Today, information is more readily accessible than it has been at any point in history. Academic faculty — including professors at the University — write blogs and op-eds for personal sites and popular news outlets. Cable infotainment — where comedians like John Oliver spin serious issues into entertaining bits — has made learning about national and international affairs increasingly fun for the average viewer. New online news sites increasingly blend opinion and reporting, producing content that fits the site’s “brand,” in an era where most readers reach content through a Google search or Facebook post, not paid subscriptions.

Meanwhile, the percentage of people who read print newspapers dropped 18 points between 2002 and 2012, according to a Pew Research Center survey, and advertising revenue dropped 50 percent between 2008 and 2012, according to the American Enterprise Institute.

But, contrary to what those facts alone might suggest, news media is a long way away from its proverbial deathbed. While traditional sources have watched their profit projections crash into the red, the industry has provided sufficient incentive for new entry into the market.

News startups are free to adapt to the changing demands of the digital consumer absent of the constraints of existing management and production structures. This has enabled them to more easily pioneer new ways to inform readers.

It’s not that people don’t want to know what’s going on in the world around them — they just want to learn about it in different ways than they have in the past. This is supported by a 2007 Pew study, which found that Americans are about as informed about current events as they were in 1989.

Further, those who got their information from non-newspaper sources were actually more likely to be knowledgeable about the news. Fifty-four percent of people who regularly watched the Daily Show or Colbert Report, 53 percent of people who regularly read news websites and 50 percent of people who listened to Rush Limbaugh’s radio show had “high” knowledge of current affairs. As a point of comparison, only 43 percent of people who regularly read print newspapers had “high” knowledge levels.

But while news sites and entertaining news shows are correlated with higher information levels, they are also more likely to present opinionated content. Compare a site like The Atlantic, Quartz or Vox with the type of content you see in the newspaper. It tends to advance a viewpoint and certainly doesn’t give a cut-and-dry, traditionally structured depiction of events like many news stories do. The same can be said for Jon Stewart, Stephen Colbert and Rush Limbaugh.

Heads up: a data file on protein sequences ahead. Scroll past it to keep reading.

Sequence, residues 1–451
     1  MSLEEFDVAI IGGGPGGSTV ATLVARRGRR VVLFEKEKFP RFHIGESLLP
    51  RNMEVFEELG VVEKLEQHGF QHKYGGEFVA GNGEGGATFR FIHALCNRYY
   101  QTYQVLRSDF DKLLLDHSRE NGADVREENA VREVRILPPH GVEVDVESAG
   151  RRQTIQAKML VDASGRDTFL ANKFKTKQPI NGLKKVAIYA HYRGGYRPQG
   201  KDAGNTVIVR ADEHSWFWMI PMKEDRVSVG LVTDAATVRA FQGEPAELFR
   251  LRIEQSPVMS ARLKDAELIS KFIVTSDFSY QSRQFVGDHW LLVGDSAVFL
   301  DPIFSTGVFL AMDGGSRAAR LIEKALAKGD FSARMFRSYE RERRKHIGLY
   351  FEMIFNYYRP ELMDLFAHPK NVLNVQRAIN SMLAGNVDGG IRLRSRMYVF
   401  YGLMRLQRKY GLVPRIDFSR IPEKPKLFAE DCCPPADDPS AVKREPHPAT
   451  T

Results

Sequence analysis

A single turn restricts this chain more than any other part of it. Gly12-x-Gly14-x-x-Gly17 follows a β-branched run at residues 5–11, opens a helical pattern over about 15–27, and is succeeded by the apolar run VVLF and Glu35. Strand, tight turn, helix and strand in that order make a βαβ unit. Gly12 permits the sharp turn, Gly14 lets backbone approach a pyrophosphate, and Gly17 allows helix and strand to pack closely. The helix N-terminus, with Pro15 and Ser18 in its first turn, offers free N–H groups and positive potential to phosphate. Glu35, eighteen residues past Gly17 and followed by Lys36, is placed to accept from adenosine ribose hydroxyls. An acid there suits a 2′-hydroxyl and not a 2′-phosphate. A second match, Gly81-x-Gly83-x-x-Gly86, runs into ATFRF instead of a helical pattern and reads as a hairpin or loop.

There’s nothing inherently wrong with these sources, especially if they are actually more effective in educating readers.

Consuming opinionated content, however, requires a whole new level of media literacy. Based on what I’ve seen in my classes, media literacy is hardly, if at all, emphasized. Let me be clear — media literacy has always been important. But as media evolves in this direction, it becomes increasingly essential to a well-rounded education.

Several classes use news media in class to connect course content to real world issues — that’s awesome. It makes school more engaging and helps students make connections between academic work and issues that they might already have a bit of background on.

One class of mine attempted to show the “conservative” side of a debate by playing a clip from the Glenn Beck show. For a few minutes, the class watched, eyes glued to the projection screen, as the pundit stared into the camera, telling his audience that a particular piece of legislation represented the decline of America, a gross deviation from the vision of our founding fathers and would allow the state to take unprecedented control of family life.

Representing the other side of issue, we had read academic and New York Times articles.

The professor didn’t say anything about the type of video the class had just seen. She said nothing of the emotional ploys the speaker had made, of the inherent differences between an opinion-based cable show and the other media forms we had read. The video was an interesting addition to class, but context was needed to help students more effectively understand how the media format structured the information they had received.

This might sound like a lesson best suited for a communications class, but probably every student at the University will consume media products — and the news articles, shows and blogs we consume are products — throughout their lives. As professors work to integrate news sources into class materials, it’s important that they also take that opportunity to educate students about the sources they use.

Our college education is largely focused on learning course material in preparation of work in business, engineering, public service, medicine, law or the wide variety of fields University graduates work in after college. But our education is also meant to prepare us to be thoughtful, critical and knowledgeable citizens. Understanding how to critically evaluate the information we receive is a necessary skill — especially in a world that increasingly provides information that aims to influence our thoughts about an issue.

Victoria Noble can be reached at

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